‘Deciding not to vaccinate ewes is an unacceptable risk to take’

Deciding not to vaccinate ewes for clostridial diseases is an unacceptable risk to take, according to Dr. Michael Doherty from University College Dublin.

Vaccinating against clostridial diseases is a necessity rather than an option to be considered, Doherty, who is the the Dean of the School of Veterinary Medicine in UCD, said.

These multivalent vaccines, a vaccine that protects against more than one disease, protect ewes and lambs against diseases such as pulpey kideney, lamb dysentery, black leg and braxy to name a few.

“If a farmer does not vaccinate for these diseases they can kill large numbers of sheep or lambs.

The margins in sheep farming are tight enough without farmers going out to find dead lambs in the field.

“These multivalent vaccines have been around for a while and they aren’t terribly expensive. It doesn’t make economic sense to take the risk of not vaccinating,” he said.

The spores which are responsible for causing most of these diseases are present in the soil and in the animals gut, meaning the application of vaccines is a constant necessity, he added.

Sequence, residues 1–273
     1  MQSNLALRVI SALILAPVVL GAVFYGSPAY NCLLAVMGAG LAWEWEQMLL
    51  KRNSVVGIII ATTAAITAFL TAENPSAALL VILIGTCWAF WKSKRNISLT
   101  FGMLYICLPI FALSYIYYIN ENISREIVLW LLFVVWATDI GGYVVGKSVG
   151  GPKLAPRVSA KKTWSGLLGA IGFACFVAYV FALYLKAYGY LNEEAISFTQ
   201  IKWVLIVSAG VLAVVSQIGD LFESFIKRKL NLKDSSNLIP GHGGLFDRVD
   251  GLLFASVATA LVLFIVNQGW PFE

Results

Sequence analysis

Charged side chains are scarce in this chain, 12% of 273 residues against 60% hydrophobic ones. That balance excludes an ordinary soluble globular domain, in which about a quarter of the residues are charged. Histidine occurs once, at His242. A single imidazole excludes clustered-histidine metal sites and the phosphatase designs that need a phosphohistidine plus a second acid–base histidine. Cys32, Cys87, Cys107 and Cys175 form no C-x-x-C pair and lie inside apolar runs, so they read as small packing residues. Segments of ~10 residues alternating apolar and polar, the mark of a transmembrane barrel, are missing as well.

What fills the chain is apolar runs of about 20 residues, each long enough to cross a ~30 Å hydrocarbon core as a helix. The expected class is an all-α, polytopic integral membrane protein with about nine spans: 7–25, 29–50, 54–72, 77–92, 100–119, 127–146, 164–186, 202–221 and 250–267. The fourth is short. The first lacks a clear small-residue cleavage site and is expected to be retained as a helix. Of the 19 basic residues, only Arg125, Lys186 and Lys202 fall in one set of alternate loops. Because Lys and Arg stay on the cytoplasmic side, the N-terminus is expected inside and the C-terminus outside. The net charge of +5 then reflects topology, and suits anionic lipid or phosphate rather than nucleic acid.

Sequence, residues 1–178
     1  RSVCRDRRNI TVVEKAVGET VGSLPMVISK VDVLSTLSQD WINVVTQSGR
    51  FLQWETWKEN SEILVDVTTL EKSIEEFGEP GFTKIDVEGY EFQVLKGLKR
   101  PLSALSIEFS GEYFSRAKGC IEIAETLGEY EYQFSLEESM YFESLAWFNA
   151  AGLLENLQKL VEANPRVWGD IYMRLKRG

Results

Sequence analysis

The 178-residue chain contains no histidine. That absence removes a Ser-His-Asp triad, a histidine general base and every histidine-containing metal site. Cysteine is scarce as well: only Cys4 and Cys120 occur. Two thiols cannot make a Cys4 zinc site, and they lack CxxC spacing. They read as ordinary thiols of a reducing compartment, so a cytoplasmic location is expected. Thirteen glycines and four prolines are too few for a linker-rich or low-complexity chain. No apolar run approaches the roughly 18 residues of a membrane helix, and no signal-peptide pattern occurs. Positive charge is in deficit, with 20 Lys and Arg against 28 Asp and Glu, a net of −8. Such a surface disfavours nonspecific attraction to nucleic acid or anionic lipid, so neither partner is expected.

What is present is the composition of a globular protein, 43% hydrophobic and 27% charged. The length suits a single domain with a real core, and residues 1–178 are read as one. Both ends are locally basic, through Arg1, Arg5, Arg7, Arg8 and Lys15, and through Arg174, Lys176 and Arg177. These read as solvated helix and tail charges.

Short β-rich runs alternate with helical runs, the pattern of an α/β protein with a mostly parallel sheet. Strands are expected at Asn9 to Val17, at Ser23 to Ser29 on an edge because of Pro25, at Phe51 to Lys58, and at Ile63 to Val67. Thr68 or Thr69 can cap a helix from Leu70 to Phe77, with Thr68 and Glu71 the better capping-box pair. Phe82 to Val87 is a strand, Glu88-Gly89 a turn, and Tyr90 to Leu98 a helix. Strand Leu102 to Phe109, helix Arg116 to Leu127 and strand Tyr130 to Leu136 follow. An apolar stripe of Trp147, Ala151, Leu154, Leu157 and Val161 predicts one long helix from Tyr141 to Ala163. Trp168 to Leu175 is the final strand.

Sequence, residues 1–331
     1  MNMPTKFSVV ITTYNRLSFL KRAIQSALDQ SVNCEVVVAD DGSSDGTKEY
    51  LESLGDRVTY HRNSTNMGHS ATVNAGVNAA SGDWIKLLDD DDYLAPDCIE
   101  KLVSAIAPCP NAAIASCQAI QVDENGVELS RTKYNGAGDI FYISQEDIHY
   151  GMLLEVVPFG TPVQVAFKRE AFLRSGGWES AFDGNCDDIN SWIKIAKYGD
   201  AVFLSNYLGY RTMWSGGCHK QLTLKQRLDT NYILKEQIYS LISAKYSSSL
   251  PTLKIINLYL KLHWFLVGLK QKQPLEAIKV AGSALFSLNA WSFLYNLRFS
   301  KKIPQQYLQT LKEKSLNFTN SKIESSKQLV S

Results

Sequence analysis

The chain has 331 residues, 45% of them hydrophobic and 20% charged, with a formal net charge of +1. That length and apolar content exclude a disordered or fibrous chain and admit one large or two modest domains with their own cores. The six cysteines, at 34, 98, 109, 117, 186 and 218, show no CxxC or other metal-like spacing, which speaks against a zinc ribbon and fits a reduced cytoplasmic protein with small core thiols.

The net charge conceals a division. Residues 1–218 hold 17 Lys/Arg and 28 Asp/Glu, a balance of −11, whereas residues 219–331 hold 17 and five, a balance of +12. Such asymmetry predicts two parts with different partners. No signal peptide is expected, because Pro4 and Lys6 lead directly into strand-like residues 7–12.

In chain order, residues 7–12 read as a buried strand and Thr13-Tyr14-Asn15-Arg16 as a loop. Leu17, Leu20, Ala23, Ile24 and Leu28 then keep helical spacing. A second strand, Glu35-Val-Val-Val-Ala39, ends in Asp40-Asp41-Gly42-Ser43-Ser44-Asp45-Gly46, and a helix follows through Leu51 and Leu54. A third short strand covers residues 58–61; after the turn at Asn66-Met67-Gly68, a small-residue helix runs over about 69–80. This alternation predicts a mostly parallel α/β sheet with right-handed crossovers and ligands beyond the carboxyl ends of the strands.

But farmers must take care when vaccinating in order for the vaccine to be effective, Doherty, who is also a Professor of Veterinary Clinical Studies in the School of Veterinary Medicine at UCD, said.

“There’s no point vaccinating at the wrong time or giving the wrong dose.

If we start from scratch with a farmer who decides to buy in a flock of ewes, these sheep should get two injections spaced four to six weeks apart.

“This generally takes place in the autumn time; the second injection is very important as it boosts the anti-bodies response.”

Most important time to vaccinate

The most important vaccine in the season is the pregnant ewe vaccination, which should be scheduled four to six weeks prior to the flocks expected lambing date, Doherty said.

“This will make sure that the anti-bodies are present in the colostrum, it is important to make sure then that the lamb gets the colostrum then.

With regards to best practice, lambs should then be vaccinated at around four months of age, particularly replacement ewe lambs.

“These lambs should then get the second injection four to six weeks after that.

“Sometimes there is a tendency to just give one shot, but the second one is very important. There is a dramatic increase in the response rate of the antibodies following the second shot,” he said.

Following this any replacement ewe lambs or ewes that are bought into the farm should receive the two shots of the clostridial vaccine, Doherty added.

The Dean of the School of Veterinary Medicine in UCD believes the benefits of the these multivalent vaccines far outweigh the initial cost.

The vaccines also leave farmers with the peace of mind that their flock is protected against diseases, which there are no cures for, and against potential dreadful losses, according to Doherty.